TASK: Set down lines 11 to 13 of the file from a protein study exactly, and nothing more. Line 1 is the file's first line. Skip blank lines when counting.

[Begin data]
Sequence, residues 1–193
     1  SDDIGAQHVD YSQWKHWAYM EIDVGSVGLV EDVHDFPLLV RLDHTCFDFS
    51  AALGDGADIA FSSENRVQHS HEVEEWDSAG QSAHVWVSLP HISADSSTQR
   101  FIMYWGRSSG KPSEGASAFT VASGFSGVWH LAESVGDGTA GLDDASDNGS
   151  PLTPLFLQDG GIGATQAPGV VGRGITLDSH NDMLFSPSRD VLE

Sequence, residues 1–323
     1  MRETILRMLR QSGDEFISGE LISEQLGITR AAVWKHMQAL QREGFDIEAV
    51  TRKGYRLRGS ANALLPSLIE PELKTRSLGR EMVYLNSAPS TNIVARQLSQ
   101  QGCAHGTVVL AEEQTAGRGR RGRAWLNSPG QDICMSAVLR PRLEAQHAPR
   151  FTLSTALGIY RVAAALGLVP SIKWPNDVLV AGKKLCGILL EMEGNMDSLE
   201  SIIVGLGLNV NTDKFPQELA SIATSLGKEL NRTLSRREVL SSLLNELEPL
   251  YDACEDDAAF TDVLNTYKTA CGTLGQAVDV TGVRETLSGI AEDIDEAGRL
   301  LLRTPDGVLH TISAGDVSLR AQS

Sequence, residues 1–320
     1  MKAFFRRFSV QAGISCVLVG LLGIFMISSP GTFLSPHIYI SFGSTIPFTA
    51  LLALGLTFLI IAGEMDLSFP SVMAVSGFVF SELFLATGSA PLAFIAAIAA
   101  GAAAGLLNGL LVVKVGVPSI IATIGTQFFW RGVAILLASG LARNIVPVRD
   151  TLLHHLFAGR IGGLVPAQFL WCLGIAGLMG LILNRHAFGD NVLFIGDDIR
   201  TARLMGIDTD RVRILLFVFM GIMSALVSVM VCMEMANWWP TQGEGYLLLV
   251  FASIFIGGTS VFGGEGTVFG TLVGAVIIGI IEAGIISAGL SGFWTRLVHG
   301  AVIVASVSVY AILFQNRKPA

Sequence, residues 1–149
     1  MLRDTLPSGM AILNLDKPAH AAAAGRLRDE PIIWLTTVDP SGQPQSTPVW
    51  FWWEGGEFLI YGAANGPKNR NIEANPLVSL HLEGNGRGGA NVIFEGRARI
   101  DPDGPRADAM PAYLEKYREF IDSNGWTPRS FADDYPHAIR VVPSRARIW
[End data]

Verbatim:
   201  SIIVGLGLNV NTDKFPQELA SIATSLGKEL NRTLSRREVL SSLLNELEPL
   251  YDACEDDAAF TDVLNTYKTA CGTLGQAVDV TGVRETLSGI AEDIDEAGRL
   301  LLRTPDGVLH TISAGDVSLR AQS